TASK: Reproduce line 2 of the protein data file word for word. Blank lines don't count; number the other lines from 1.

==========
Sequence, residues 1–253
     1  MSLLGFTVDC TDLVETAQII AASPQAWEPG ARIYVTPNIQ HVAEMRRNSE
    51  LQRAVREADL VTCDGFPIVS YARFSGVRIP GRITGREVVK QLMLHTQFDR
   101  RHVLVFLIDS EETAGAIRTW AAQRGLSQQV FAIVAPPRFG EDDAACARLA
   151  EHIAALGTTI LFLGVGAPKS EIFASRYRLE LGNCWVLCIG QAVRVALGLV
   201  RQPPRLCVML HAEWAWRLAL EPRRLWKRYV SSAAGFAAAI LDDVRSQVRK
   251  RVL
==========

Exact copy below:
     1  MSLLGFTVDC TDLVETAQII AASPQAWEPG ARIYVTPNIQ HVAEMRRNSE